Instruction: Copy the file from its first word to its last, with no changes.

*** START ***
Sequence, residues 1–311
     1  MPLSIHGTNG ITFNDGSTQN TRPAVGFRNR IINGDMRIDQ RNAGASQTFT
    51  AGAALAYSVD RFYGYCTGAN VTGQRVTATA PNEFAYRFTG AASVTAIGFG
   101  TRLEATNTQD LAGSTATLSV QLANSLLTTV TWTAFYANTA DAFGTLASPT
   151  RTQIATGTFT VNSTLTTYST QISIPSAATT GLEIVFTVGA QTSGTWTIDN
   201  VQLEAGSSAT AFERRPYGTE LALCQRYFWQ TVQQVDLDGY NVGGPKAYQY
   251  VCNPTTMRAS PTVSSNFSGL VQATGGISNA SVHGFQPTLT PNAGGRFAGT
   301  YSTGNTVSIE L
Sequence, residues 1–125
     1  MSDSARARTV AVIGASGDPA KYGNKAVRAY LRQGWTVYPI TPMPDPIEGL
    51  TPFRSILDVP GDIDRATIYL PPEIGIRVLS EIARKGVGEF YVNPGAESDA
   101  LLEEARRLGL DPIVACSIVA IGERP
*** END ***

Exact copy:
Sequence, residues 1–311
     1  MPLSIHGTNG ITFNDGSTQN TRPAVGFRNR IINGDMRIDQ RNAGASQTFT
    51  AGAALAYSVD RFYGYCTGAN VTGQRVTATA PNEFAYRFTG AASVTAIGFG
   101  TRLEATNTQD LAGSTATLSV QLANSLLTTV TWTAFYANTA DAFGTLASPT
   151  RTQIATGTFT VNSTLTTYST QISIPSAATT GLEIVFTVGA QTSGTWTIDN
   201  VQLEAGSSAT AFERRPYGTE LALCQRYFWQ TVQQVDLDGY NVGGPKAYQY
   251  VCNPTTMRAS PTVSSNFSGL VQATGGISNA SVHGFQPTLT PNAGGRFAGT
   301  YSTGNTVSIE L
Sequence, residues 1–125
     1  MSDSARARTV AVIGASGDPA KYGNKAVRAY LRQGWTVYPI TPMPDPIEGL
    51  TPFRSILDVP GDIDRATIYL PPEIGIRVLS EIARKGVGEF YVNPGAESDA
   101  LLEEARRLGL DPIVACSIVA IGERP